The function pcre2_serialize_encode() creates a serialized byte stream from a list of compiled patterns. Its first two arguments specify the list, being a pointer to a vector of pointers to compiled patterns, and the length of the vector. The third and fourth arguments point to variables which are set to point to the created byte stream and its length, respectively. The final argument is a pointer to a general context, which can be used to specify custom memory mangagement functions. If this argument is NULL, malloc() is used to obtain memory for the byte stream. The yield of the function is the number of serialized patterns, or one of the following negative error codes:

  PCRE2_ERROR_BADDATA      the number of patterns is zero or less
  PCRE2_ERROR_BADMAGIC     mismatch of id bytes in one of the patterns
  PCRE2_ERROR_MEMORY       memory allocation failed
  PCRE2_ERROR_MIXEDTABLES  the patterns do not all use the same tables
  PCRE2_ERROR_NULL         the 1st, 3rd, or 4th argument is NULL
PCRE2_ERROR_BADMAGIC means either that a pattern's code has been corrupted, or that a slot in the vector does not point to a compiled pattern.

Once a set of patterns has been serialized you can save the data in any appropriate manner. Here is sample code that compiles two patterns and writes them to a file. It assumes that the variable fd refers to a file that is open for output. The error checking that should be present in a real application has been omitted for simplicity.

  int errorcode;
  uint8_t *bytes;
  PCRE2_SIZE erroroffset;
  PCRE2_SIZE bytescount;
  pcre2_code *list_of_codes[2];
  list_of_codes[0] = pcre2_compile("first pattern",
    PCRE2_ZERO_TERMINATED, 0, &errorcode, &erroroffset, NULL);
  list_of_codes[1] = pcre2_compile("second pattern",
    PCRE2_ZERO_TERMINATED, 0, &errorcode, &erroroffset, NULL);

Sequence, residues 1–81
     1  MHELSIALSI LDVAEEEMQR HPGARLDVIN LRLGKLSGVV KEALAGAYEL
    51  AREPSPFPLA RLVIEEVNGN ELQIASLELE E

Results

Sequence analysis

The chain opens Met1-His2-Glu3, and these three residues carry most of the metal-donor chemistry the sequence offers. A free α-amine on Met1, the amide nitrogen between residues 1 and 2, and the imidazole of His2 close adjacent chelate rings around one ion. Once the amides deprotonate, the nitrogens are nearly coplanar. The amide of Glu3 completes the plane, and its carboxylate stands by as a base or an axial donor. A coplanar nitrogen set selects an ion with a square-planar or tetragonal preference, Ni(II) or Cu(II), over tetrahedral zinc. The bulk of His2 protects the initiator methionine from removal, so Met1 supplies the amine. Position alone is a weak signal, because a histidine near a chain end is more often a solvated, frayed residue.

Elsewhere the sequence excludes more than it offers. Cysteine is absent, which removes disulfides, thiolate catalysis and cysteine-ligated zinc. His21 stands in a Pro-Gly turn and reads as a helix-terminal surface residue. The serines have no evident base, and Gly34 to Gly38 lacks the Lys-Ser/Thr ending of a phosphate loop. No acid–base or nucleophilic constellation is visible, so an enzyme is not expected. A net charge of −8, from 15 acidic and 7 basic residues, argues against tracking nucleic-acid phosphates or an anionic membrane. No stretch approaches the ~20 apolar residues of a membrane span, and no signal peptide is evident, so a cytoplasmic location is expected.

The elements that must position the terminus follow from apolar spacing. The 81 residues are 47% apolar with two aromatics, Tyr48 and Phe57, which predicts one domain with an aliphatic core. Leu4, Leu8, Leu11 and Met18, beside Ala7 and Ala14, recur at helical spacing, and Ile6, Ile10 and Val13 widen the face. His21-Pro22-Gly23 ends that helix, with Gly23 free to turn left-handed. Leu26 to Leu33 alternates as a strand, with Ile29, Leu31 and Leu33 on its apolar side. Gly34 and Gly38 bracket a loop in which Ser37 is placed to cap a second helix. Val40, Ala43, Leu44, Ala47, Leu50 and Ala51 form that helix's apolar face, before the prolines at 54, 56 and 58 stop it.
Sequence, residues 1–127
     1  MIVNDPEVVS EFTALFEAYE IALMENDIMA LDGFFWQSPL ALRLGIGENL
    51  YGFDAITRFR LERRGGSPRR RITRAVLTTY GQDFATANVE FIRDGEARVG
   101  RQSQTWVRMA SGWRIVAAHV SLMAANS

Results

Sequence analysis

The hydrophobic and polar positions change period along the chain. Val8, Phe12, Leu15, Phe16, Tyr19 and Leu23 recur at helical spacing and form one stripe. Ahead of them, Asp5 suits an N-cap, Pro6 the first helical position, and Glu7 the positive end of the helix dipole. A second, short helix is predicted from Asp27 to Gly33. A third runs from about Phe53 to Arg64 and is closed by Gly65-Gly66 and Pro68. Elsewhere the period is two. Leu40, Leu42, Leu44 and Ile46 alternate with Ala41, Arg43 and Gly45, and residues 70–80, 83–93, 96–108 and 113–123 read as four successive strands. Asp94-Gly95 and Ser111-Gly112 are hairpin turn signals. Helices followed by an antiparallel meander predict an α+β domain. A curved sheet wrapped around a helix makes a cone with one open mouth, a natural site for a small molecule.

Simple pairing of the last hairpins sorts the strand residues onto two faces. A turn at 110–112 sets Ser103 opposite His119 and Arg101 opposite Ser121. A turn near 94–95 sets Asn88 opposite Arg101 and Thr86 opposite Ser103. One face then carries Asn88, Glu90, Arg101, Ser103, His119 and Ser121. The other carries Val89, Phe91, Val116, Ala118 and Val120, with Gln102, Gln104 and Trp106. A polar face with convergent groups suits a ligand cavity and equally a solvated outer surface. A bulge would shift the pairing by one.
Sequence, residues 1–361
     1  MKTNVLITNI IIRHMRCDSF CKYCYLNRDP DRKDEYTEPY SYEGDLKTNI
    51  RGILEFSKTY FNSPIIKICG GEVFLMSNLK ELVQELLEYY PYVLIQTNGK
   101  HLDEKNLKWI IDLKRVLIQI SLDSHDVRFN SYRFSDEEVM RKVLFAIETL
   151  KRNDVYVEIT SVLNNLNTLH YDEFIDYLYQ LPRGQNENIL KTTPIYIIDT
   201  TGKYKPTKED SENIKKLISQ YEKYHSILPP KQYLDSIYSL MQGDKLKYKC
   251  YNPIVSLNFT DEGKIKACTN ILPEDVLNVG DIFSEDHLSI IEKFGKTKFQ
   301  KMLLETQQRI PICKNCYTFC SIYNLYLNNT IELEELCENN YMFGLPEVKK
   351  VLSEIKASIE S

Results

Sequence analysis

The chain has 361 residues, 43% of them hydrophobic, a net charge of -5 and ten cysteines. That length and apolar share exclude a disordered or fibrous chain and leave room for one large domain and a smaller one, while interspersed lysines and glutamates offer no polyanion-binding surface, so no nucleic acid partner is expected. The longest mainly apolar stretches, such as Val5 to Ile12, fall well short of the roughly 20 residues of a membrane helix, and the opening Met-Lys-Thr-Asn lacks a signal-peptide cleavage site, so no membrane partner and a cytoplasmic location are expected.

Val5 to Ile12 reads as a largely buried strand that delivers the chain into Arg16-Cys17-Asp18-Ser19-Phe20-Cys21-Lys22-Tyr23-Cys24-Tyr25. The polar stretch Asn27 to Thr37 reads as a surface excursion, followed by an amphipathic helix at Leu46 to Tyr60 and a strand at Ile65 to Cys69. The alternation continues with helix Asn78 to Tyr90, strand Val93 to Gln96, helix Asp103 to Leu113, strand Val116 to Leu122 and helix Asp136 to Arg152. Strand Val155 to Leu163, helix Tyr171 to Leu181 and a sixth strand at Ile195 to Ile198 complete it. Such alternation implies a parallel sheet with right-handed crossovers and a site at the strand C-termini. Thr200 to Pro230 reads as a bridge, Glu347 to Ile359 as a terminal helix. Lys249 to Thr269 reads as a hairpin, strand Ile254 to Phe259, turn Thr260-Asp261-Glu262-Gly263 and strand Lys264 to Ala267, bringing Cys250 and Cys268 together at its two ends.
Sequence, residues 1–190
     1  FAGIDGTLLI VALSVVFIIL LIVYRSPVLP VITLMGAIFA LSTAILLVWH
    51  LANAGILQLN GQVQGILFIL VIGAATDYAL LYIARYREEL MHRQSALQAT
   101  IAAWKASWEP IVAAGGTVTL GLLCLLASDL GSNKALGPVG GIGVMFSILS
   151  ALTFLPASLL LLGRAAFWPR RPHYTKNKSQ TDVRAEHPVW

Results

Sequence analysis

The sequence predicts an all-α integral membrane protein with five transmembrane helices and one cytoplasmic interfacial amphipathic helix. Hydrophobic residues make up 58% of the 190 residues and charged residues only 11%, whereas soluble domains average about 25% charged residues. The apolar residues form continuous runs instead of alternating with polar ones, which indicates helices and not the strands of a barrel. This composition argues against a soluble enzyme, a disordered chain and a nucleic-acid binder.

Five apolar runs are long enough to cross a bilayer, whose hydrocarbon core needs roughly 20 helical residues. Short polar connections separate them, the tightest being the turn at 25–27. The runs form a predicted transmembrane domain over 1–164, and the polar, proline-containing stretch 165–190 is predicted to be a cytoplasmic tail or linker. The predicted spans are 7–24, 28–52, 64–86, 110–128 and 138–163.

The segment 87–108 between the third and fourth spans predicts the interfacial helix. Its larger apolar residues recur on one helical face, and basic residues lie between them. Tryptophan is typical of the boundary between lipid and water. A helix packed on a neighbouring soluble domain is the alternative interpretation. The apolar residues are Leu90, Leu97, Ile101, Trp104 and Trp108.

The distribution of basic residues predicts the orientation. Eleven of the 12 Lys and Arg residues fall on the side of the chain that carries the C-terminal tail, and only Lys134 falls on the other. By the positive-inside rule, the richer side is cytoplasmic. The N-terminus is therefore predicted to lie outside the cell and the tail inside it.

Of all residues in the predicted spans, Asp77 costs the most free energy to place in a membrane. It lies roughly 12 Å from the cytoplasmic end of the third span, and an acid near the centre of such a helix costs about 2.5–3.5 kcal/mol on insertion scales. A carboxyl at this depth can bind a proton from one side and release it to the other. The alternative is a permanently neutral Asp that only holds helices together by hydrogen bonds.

errorcode = pcre2_serialize_encode(list_of_codes, 2, &bytes,
    &bytescount, NULL);
  errorcode = fwrite(bytes, 1, bytescount, fd);
Note that the serialized data is binary data that may contain any of the 256 possible byte values. On systems that make a distinction between binary and non-binary data, be sure that the file is opened for binary output.

Serializing a set of patterns leaves the original data untouched, so they can still be used for matching. Their memory must eventually be freed in the usual way by calling pcre2_code_free(). When you have finished with the byte stream, it too must be freed by calling pcre2_serialize_free(). If this function is called with a NULL argument, it returns immediately without doing anything.


In order to re-use a set of saved patterns you must first make the serialized byte stream available in main memory (for example, by reading from a file). The management of this memory block is up to the application. You can use the pcre2_serialize_get_number_of_codes() function to find out how many compiled patterns are in the serialized data without actually decoding the patterns: